Cub Scouts - Carlsbad,CA

Updated on May 26, 2011
S.D. asks from Carson, CA
12 answers

Hello Mom's!

What is your experience with cub scouts and/or boy scouts? Was it a rewarding and enriching experience for the entire family, especially the scout? Is it a worth while investment of time and money? Do you have any tips for a future scout and mom/dad/little bro of a soon-to-be cub scout?

Thanks, as always!

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So What Happened?

We look forward to joining the cub scouts. It sounds like an organization that strives to instill the values we want our children to possess.

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answers from Washington DC on

my older kid was a scout for a while until i learned about the boy scouts' stance on homosexuality and i could no longer support them.
didn't faze my son to quit going. it was fun, but there are lots of other fun things in the world.

4 moms found this helpful

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answers from Anchorage on

my son liked it, but it is a huge commitment of time and money, and only works if the parents are really involved. They also have some ideology some may not agree with, like they are very religious and gay people are not allowed to be leaders. That is the main reason we have decided to no longer participate.

3 moms found this helpful


answers from Los Angeles on

It depends on the type of experience you want for your child. For us, we chose the Adventure Guides program through the YMCA. It is a little more relaxed than the Scouts. It is a Father/Son program that fosters father/son relationships. It's a great opportunity for dads and sons to get together one weekend a month during the school year without moms. My husband and son have always had a great relationship, but this program has brought them even closer. These are activities that the two of them share and our son looks forward to these men/boy only activities. The program starts at age 5 and end around 11. You may want to check it out.

3 moms found this helpful


answers from Houston on

I raised my sons as a single mom and scouting was a wonderful activity. My sons participated in activities they enjoyed, made new friends and I met adults who were like minded that we still know today even though my oldest is 31! Scouting can be a learning expereice as well as FUN. Way better than playing video games and watching TV.

Yes it is true scouting is a comittment of time and money but what valuable expereince isn't? My sons benefited greatly and I did too!

2 moms found this helpful


answers from Reno on

I had always hoped my boys would be scouts, but in our area, all the troops met too late in the evening for my early sleepers. Plus, we found the number of extra activities, outside the weekly meeting, to be overwhelming. It was truly a lifestyle for the family rather than a once a week extra curricular activity. So, we were compelled to drop out.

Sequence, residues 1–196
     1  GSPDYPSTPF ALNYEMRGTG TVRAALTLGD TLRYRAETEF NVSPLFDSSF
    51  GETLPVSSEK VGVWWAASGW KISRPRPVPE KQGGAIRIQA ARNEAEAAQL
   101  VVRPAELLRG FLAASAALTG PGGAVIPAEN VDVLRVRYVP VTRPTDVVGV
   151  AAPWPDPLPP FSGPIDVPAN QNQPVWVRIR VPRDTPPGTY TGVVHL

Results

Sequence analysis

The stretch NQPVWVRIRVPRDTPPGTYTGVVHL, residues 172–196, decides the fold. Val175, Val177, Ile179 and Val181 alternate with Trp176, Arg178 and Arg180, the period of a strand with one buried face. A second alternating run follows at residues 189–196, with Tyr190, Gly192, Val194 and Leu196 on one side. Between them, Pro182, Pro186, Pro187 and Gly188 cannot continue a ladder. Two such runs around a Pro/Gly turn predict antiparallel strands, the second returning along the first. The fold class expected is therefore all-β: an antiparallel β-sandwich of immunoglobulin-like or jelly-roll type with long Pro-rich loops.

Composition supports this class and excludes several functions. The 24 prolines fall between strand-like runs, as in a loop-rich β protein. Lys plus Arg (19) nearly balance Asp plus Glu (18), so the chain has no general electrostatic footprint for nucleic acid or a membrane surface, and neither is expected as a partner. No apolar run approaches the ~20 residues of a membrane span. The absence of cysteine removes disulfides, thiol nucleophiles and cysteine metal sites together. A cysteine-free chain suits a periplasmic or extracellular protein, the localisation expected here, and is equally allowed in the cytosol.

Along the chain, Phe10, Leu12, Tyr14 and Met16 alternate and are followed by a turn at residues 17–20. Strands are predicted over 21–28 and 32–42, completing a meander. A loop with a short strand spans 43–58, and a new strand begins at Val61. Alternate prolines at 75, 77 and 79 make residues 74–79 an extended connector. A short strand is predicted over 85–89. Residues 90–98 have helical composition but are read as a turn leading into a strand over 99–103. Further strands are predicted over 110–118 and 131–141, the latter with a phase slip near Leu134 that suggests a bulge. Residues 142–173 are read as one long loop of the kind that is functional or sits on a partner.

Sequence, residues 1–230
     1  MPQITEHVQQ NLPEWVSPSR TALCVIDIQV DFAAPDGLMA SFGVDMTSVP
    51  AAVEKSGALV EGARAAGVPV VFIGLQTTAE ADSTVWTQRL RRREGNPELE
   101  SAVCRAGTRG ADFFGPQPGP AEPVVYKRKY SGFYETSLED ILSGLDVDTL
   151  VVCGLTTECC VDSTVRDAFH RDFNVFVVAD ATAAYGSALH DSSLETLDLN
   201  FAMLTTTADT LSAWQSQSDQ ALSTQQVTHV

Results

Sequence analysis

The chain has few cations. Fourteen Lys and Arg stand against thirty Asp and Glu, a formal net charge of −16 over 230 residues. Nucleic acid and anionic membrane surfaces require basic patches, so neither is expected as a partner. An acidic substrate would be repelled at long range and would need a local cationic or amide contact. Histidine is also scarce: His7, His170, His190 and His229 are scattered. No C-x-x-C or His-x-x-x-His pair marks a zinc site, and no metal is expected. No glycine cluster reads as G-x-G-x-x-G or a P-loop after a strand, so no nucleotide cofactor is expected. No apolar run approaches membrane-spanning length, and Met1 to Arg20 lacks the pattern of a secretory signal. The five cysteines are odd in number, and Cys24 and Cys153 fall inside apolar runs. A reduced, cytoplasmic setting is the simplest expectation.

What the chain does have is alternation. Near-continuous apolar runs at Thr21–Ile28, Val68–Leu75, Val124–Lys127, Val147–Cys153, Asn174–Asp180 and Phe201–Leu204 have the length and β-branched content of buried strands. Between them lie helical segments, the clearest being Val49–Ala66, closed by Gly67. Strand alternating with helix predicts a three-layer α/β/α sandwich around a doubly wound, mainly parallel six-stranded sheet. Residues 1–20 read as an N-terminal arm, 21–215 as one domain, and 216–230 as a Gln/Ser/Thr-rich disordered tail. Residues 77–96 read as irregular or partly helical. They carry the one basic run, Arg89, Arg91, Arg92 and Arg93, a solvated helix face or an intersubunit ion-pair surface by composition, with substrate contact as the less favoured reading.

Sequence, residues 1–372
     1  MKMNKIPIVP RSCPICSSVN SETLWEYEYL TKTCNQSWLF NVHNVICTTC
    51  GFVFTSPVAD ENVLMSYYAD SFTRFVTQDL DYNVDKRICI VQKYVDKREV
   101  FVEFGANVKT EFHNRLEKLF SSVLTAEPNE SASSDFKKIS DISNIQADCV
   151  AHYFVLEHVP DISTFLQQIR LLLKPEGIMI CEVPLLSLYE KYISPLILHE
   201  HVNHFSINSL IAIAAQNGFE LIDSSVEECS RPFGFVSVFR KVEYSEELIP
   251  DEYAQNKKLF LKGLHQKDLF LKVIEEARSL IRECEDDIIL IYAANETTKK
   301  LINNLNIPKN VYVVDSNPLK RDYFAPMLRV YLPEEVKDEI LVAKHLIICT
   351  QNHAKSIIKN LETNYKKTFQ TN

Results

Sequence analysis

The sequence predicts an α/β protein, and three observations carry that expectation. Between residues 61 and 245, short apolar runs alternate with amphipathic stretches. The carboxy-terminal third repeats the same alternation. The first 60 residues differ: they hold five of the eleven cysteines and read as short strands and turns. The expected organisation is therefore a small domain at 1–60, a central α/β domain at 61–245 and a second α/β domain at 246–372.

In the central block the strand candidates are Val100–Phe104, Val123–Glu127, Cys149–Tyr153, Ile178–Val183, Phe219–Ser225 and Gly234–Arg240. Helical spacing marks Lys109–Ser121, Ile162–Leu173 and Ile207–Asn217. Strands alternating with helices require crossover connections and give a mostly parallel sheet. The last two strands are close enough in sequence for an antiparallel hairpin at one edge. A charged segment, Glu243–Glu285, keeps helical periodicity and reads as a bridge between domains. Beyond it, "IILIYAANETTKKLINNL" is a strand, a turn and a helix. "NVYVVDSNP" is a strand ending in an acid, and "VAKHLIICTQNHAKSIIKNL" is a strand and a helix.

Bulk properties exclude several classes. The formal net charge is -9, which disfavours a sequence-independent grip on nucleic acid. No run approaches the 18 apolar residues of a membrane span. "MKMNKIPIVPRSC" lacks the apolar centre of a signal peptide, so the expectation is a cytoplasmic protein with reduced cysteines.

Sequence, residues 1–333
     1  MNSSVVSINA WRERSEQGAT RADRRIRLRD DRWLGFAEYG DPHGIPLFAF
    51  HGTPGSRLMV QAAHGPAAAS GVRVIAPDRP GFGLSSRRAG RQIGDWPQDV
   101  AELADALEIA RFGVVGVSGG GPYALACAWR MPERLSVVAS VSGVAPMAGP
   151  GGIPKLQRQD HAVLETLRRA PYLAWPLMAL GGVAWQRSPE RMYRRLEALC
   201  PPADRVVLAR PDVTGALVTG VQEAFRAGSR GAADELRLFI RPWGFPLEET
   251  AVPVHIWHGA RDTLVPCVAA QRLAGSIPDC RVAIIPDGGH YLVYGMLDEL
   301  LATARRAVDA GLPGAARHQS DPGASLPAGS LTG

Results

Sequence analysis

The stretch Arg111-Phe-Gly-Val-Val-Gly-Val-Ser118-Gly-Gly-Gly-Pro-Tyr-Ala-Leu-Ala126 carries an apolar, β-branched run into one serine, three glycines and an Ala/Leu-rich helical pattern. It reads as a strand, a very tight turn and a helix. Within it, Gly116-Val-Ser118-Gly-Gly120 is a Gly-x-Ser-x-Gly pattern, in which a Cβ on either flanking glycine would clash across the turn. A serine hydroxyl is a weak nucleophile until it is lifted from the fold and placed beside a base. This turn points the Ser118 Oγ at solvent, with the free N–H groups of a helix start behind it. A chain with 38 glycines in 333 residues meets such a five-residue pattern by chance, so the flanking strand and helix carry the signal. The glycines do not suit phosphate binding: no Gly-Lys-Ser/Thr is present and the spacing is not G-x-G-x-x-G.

Good luck to your future scout!

2 moms found this helpful


answers from Reno on

My son is 16, closing in on Eagle Scout, and has been a Scout since first grade. :) None of us have EVER regretted any time, money or dedication to his Scouting. My girls have all been Girl Scouts, as well. So many firsts took place during Scout meetings or trips - the first time my kids camped, snowboarded, fished and did so much more. It's a misconception, though, that Scouts have to be really outdoorsy; many are not. My advice would be to jump in with both feet and have FUN! Talk to the leader as much as needed to know what's going on and what's expected, volunteer to help when you can, look for used uniforms online and read through his books so you'll know how many things he ordinarily does at home or school can also be Scout requirements. Enjoy! :)

2 moms found this helpful


answers from Los Angeles on

I'm a huge proponent of scouting and the very proud mother of an Eagle Scout who is also a member of the Order of the Arrow (the boy scout honor society). I also used to be a den mother and the cub master for our area, and did leader training. If a pack and den are run well, cub scouts can be a really fun and highly rewarding experience. Conducted properly, the scouting program is designed to encourage curiosity and experimentation with unfamiliar activities, develop important skills in citizenship, ethics, social responsibility, personal responsibility, respect, tolerance, environmentalism, and self-sufficiency but accomplished in the spirit of fun. There is so much more to scouting than earning badges and medals, but they do serve as great external incentives for the youngsters.

Den meetings are for the boys, but pack meetings should be family oriented. We always ran a monthly song and dance "show." The monthly events included events like pinewood derbies (boy-made little racing cars) and space derbies (boy made wind-up propelled "rocket" ships), raingutter regatas (little sailboats powered by blowing on them), a mini-science fair with outside demonstrations, animal experiences (we had a woman come to show and teach about bats once -- a huge success!), and family relay-type races built around a theme, but we also had family-participatory service projects, like food, toy, and clothing drives, volunteering at a local soup kitchen, etc. Of course, we camped several times during the summer and I encouraged as many families as possible to come to camp (boys can't go with just a leader until age 10), where the boys learned to swim, kayak, shoot archery and BB guns, learn important survival skills, like how to build a fire and recognize poisonous plants, build crazy crafts, etc. Siblings and parents could join in on pretty much all of the fun if they chose, or not. A highlight of the year for our pack was it's annual night hike with a few "surprises" along the way.